Do Catfish Eat Other Fish? 

Yes! Other fish can be eaten by catfish. Baitfish, shad, and other small fish fall into this category. In fact, baitfish and shad are some of the best catfish baits for maximizing catch rates and keeping catfish going to come back for more. 

Catfish have a reputation for being opportunistic feeders. They’ll probably eat anything that fits in their mouth. Catfish come in a variety of species, but only a few are particularly appealing to fishermen. They are omnivorous, eating a variety of plant material as well as aquatic creatures. 

They will consume shad, bluegill, perch, tiny carp, buffalo, drum, and any other baitfish that are accessible in their waters. 

What Fish Eat Each Type of Catfish? 

Catfish varieties have similar feeding patterns; however, there are some variances as well. They will consume smaller fish that are present in their rivers, lakes, and ponds. Each type of catfish prefers to eat certain types of fish that other catfish do not eat. 

Channel Catfish 

Carp, drum, perch, and buffalo are among the catfish’s favorite foods. They are also known for their shad consumption. Some people believe that channel catfish consume fewer fish than blue catfish, although this is primarily dependent on the region and food availability. 

Because channel catfish like biting on dead fish, many fishermen use dead bait. 

Blue Catfish 

Blue catfish consume fish on a regular basis. Catfish have a prey size limitation due to their teeth and anatomy, which prevent them from chewing and biting off huge portions of prey. 

They require fish that are small enough to fit inside their mouths. Not just the blue catfish, but all catfish species are affected. The chosen prey grows up with the catfish. We need to know what kind of fish they prefer. 

Perch, drum, buffalo, and carp are the most common prey for blue catfish. They prefer them, but if the opportunity presents itself, they will consume other fish. 

Flathead Catfish 

Flathead catfish are known for their voracious appetite for fish. It’s worth noting that, unlike channel and blue catfish, this one prefers to eat fish (especially live ones).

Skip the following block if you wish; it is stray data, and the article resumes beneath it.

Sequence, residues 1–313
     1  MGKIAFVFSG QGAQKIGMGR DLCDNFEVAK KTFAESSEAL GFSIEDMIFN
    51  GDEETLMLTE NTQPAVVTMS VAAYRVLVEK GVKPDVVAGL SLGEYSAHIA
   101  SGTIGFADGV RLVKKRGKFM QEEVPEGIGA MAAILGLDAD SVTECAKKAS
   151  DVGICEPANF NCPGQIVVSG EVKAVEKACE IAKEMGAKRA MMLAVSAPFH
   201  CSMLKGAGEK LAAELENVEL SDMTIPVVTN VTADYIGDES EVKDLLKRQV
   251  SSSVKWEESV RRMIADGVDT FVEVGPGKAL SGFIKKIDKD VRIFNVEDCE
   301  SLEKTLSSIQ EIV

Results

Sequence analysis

Using live bait to catch them can be quite effective. Drum, bluegill, perch, carp, goldfish, and any other smaller fish accessible are eaten by flathead catfish. Live fish are more likely to be eaten by these creatures than dead fish. Bear that in mind when you’re out looking for them. 

In a Pond, Do Catfish Eat Other Fish? 

Pond owners and those of us who fish in ponds on a regular basis may be questioning if the catfish we’ve stocked or targeted are actively consuming all of the other fish species. 

The simple answer is yes. In a pond, catfish could also consume live fish. Because of these factors, pond managers avoid introducing any catfish other than channel catfish. 

The flathead catfish would be a killer, devouring several of the pond’s other fish. In most cases, channel catfish will only eat tiny live fish and occasionally fish eggs in this environment. 

What Do Baby Catfish Eat? 

If adult catfish can eat certain types of fish because of their size, then what can baby catfish eat? 

Little catfish have a narrower mouth and must consume tiny prey to survive. Insect larvae and invertebrates are the most common prey for these young catfish. Some catfish eat the eggs of other fish as well.

Aside from an animal-based diet, baby catfish also consume plant matter. It’s worth noting that when they’re young, they eat algae and other plant-based foods largely. 

A baby fish that is small enough could be eaten by an adolescent catfish. When they are large enough to ingest it, they begin to act predatorily.

That is a rare event at first, and they continue to eat insects and plants; however, as they get older, they begin to eat more little fish. When they enter maturity, their diet shifts, and catfish begin to devour the types of fish mentioned before. 

Is It True That Catfish Eat Dead Fish? 

Some catfish types are more likely to eat dead fish than others. One of the reasons anglers use them as bait is because of this. Catfish prefer baits with a strong odor, such as chunks of dead fish. 

Catfish prefer to consume live fish over dead ones in the wild. A recently deceased one, on the other hand, may end up on its plate. If hungry, a channel catfish may even devour a dying fish on the bottom.

If excellent sources of food are not accessible, this can also occur in smaller bodies of water such as ponds. A dead fish, particularly one that is decaying, will almost never be eaten by a flathead catfish. They eat virtually entirely carnivorous animals. 

If you’re a beginning catfish fisherman attempting to figure out which bait to employ, bear all this in mind. Not all catfish types have the same eating patterns, so you’ll need to learn a little about them and adjust to the situation if you want to be effective.